# Concept of p-vector and matrix

I have worked with vectors and matrices but the following paragraph from The Elements of Statistical Learning by Trevor Hastie et al is little confusing (online edition, page 10)

Matrices are represented by bold uppercase letters; for example, a set of N input p-vectors $x_i$, i = 1, . . . , N would be represented by the $N$ x $p$ matrix X.

This means that the matrix X has $N$ rows and $p$ columns. Then the next lines confuse me, where I need your help.

In general, vectors will not be bold, except when they have N components; this convention distinguishes a $p$-vector of inputs $x_i$ for the $i^{th}$ observation from the $N$-vector $x_j$ consisting of all the observations on variable $X_j$. Since all vectors are assumed to be column vectors, the $i^{th}$ row of $X$ is $x^{T}_i$, the vector transpose of $x_i$.

What does this mean? Why is $i^{th}$ row of $X$ is $x^T_i$? I thought $i^{th}$ row of $X$ would have dimensions of $1$x$p$.

I would appreciate if someone can please clear my doubts.

• I would like to direct your attention to the key phrase, "all vectors are assumed to be column vectors." Among other things, this tells you that "$x_i$"--which previously was named as a "$p$-vector," is a column, whence (written in matrix form) it would have dimensions $p\times 1$, not $1\times p$. – whuber Dec 22 '14 at 20:04
• @whuber thanks for your reply. Am I right in understanding that the matrix $X$ has $N$ rows and $p$ columns? So if a $p$-vector is a column meaning it would be something like $[x_1..x_N]^T$. But then the $i$th row will have $p$ elements, isn't it? – cps Dec 22 '14 at 20:58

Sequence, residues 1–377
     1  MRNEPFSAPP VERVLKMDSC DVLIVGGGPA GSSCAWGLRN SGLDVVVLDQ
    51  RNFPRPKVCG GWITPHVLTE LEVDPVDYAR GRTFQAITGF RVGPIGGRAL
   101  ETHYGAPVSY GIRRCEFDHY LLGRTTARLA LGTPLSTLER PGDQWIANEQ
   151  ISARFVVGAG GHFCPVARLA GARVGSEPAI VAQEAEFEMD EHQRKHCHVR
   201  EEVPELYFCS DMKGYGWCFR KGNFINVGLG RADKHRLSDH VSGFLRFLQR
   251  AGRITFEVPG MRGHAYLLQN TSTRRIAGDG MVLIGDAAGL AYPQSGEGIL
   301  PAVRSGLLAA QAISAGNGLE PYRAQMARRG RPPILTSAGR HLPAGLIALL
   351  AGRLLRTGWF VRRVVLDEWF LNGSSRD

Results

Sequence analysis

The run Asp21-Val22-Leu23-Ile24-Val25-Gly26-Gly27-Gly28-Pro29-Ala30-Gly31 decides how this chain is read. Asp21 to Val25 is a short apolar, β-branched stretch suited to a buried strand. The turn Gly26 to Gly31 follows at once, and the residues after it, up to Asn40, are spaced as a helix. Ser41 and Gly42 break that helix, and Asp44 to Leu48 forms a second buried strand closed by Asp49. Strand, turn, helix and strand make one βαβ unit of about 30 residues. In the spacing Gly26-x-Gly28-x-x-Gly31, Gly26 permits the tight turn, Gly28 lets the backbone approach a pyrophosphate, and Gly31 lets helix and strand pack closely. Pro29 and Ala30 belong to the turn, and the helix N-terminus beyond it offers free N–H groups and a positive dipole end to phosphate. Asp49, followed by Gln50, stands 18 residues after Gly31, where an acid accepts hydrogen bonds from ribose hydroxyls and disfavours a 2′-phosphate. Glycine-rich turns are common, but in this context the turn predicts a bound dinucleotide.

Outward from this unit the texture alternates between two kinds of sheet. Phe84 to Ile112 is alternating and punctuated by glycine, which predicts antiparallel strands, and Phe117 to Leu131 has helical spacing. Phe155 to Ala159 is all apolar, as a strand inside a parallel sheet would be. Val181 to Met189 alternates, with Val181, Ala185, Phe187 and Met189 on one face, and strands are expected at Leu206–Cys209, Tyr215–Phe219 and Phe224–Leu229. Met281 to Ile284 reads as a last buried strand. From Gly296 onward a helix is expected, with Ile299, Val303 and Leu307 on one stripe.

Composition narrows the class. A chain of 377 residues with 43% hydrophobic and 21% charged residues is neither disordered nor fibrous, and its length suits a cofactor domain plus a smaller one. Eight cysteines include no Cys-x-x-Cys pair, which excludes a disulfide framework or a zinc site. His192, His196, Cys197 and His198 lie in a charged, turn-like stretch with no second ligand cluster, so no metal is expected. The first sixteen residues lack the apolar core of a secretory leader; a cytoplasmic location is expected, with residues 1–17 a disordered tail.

• Your first quotation answers the first question. By definition, a $p$-vector $x$ has components $x_1, \ldots, x_p$. Thus the transpose of a $p$-vector is a row with $p$ numbers in it. – whuber Dec 22 '14 at 21:19
• That text is fairly sophisticated: it does not assume readers are completely unfamiliar with the conventions of linear algebra or statistics. Search our site, for instance, on design matrix to see how widespread this matrix setup is. Although it does cover multiple regression in an early chapter, you would be very well served to study regression independently from another text, because then you will better appreciate ESL's point of departure and you will be more comfortable with its language and notation. – whuber Dec 22 '14 at 21:46
• Funny I was confused by the same excerpt: stats.stackexchange.com/questions/224374/… – The Red Pea Jul 18 '16 at 18:33 This is similar to the convention often used in econometrics. For instance, we often write OLS equation as $y=X\beta+\varepsilon$, which means column vectors $y$ and $\beta$. Vector $y$ is a column with each $i\in [1,N]$ elements corresponding to an observation. Vector $\beta$ is a column with each $k\in [1,p]$ corresponding to a parameter. Here, the matrix $X_{ij}$ has $p$ columns each containing $N$ observations of the variable $j$.
So, if you need to grab $i$-th observation of all explanatory variables as a vector, you get matrix transpose $(X_{i1},\dots,X_{ip})^T$ of $i$-th row of matrix $X$, because the vectors are to be columns.
• In an expression like "$y=X\beta+\cdots$", there is no possibility of ambiguity (once you are told $X$ is an $n$ by $p$ matrix and that $y$ and $\beta$ are vectors, anyway): the very rules of matrix multiplication force $\beta$ to be a $p$-vector and $y$ to be an $n$-vector, both in column form. But no such expression was available to the O.P. Indeed, there would be no ambiguity whatsoever in writing $y=\beta X+\cdots$, only then both vectors would have to be rows (and $n$ would represent the number of parameters and $p$ the number of cases). Both conventions are widely used. – whuber Dec 23 '14 at 17:31